When I was 10 years old my Mom bought me Black Sabbath’s first album on cassette. That album is still one of my favourites and a massive influence on our songs including this one. I can remember times when I’d be home alone after dusk or at night and not being able to listen the the first track on Sabbath’s self titled as my imagination would get the better of me. This song was influenced by another Frazetta painting, Death Dealer II. Like in “Beyond the Sun,” I made up my own narrative to the painting. In it, I wrote a story about a group of inter-dimensional warriors that have several adventures and eventually end up drinking poison and dying and then come back as ghosts that haunt the abandoned well of a forgotten church.
This song is all about catharsis, shedding the old skin and stepping through a door into a new, wiser, deeper, more colourful experience. There have been a few times in my life where I’ve gotten to experience short glimpses of synesthesia, specifically, being able to hear colours. It was a very wonderful psychedelic experience where the colours had dimension, depth and an aural texture type of quality as well as visual hues. I attempted to describe that experience in this song as well as the feeling of a loss of a sense of “the self” where I felt an enlightened, de-personalized floating type of interaction with the world around me and the perception of time ceased to even exist. I remember not knowing if years or minutes had gone by. I used Roger Dean’s Floating Worlds paintings as inspiration for the visuals of this song.
I grew up in small town Ontario Canada listening to a lot of early Fu Manchu. Back then when we were broke and before the internet, we had no choice but to listen to the albums we had physical copies of. I had the albums No One Rides for Free, In Search Of and The Action is Go and I remember developing a deep relationship with those albums back then. I must have played them hundreds of times each at least. Anyway, “Star Collider” is heavily influenced by Fu Manchu. On the surface it’s about traveling in a spaceship. Which rules… but it’s really a metaphor for personal growth. Which is all fine and everything, but way less cool than traveling into unknown dimensions through space in a 1970’s version of a futuristic space ship. Check out John Berkey’s paintings of spaceships for what I’m talking about.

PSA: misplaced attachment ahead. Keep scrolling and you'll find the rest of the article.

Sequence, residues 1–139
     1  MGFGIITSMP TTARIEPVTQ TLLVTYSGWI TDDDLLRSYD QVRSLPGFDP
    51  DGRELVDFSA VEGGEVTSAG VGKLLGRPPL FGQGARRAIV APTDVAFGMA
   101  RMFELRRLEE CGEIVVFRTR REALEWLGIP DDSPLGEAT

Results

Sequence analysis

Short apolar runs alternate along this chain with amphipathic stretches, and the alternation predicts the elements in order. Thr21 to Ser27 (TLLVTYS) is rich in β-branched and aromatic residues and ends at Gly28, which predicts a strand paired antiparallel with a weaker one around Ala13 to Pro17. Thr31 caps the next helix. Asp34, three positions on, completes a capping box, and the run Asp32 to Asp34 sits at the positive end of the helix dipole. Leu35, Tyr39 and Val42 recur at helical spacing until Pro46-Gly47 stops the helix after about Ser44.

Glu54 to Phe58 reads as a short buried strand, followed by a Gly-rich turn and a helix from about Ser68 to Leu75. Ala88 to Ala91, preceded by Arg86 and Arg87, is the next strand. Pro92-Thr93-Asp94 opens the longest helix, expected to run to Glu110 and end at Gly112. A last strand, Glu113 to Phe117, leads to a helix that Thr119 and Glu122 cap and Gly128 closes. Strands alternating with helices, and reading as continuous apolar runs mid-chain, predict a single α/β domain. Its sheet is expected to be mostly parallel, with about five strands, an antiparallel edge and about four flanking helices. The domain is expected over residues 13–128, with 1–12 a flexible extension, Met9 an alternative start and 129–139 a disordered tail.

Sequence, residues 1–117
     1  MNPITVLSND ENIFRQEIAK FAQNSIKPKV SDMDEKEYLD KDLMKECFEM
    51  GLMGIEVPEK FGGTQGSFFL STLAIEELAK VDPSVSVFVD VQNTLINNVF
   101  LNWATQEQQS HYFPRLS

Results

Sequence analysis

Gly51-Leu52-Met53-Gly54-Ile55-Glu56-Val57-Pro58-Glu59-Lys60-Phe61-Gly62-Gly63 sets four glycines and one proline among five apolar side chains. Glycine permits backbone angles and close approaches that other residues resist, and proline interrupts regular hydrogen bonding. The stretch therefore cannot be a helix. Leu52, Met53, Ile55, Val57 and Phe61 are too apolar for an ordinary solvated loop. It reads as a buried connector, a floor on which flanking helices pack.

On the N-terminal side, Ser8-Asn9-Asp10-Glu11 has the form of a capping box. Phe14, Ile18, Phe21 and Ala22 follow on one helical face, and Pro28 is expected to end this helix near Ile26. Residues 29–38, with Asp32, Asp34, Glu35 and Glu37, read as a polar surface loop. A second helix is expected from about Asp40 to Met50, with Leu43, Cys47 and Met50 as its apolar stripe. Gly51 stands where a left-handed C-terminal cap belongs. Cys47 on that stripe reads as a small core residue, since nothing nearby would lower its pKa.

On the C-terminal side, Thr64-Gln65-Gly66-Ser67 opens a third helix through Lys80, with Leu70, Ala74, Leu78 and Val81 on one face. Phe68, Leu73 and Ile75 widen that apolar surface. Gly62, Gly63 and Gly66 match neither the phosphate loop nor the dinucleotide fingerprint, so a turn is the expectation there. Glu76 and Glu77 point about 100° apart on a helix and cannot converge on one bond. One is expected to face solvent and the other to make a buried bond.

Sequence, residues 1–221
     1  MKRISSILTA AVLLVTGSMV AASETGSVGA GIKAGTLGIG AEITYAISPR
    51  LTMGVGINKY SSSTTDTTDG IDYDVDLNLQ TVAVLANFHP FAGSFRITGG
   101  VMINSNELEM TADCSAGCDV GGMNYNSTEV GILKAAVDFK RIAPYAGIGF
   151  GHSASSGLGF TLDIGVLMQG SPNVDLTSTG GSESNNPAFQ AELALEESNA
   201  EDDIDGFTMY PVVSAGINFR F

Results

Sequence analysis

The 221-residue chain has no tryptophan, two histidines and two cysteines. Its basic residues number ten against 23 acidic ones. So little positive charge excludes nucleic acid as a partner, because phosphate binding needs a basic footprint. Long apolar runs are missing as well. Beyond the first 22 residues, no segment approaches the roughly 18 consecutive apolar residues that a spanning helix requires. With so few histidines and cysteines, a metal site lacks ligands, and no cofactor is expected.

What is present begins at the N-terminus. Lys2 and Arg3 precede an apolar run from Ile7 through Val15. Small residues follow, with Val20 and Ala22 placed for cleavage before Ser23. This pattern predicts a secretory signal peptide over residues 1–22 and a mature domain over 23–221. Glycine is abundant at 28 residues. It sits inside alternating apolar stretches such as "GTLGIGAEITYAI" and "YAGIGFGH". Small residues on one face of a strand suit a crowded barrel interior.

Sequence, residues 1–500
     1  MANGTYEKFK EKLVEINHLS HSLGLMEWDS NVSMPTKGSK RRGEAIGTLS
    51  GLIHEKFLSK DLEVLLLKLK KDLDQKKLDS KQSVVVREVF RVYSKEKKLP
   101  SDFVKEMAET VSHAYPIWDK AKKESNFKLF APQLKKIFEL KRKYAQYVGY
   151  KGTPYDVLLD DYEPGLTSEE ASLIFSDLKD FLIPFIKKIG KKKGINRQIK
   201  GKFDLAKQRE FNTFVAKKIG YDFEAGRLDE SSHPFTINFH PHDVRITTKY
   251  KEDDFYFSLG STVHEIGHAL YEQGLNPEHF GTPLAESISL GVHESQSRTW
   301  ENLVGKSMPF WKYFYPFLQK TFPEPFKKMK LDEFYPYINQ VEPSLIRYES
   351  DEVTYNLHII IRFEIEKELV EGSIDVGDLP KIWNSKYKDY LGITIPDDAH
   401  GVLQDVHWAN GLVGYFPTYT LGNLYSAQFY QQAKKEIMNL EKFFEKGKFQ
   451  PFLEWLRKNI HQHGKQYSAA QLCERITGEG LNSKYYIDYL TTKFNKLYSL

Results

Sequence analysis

Concept wise, this song continues on from “Star Collider” and “Beyond the Sun” with similar ideas of exploration and discovery. Our brains are such amazing structures and they can open windows of perception, experience and perspectives that are truly amazing. People often forget the fact that we’re all collectively traveling through space on a giant rock and circling around a huge ball of gas amongst an almost infinite number of other balls of gas all barrelling at increasingly faster speeds away from some theoretical centre point? This song is about how a powerful a perspective can be despite things being chaotic and stressful.
(((((Heavy on the Cosmic))))) Album Art
Album covers have a special place in my life. There’s something so great about looking at a great album cover while listening to the album’s music. I can remember reading liner notes and staring at so many great ones growing up. Still, to this day, I continue to have that same feeling decades later. Our good friend and a local scene veteran, Sean Alten (Fly Graphics and Dead Cosmetics) and I collaborated on the concept for (((((Heavy on the Cosmic))))). Despite how many similar covers and bands there are I really dig all the stoner/doom/sludge/psych tropes.
I think the fantastical visuals have staying power in our culture because beneath the surface they’re representations of things that we can relate to. So things like demons, orbs, giants, hooded figures, spells and portals pop up in our songs as something that might represent resilience, the unknown, novelty, hope, love, dread or growth amongst other things.
The cover for (((((Heavy on the Cosmic))))) depicts a purple figure with a floating orb above its head, blue mountains and an orange sky all of which is supposed to represent another dimension or a different planet or somewhere other than our regular blue sky, green trees every day earth but also something familiar and intriguing and possibly unsettling.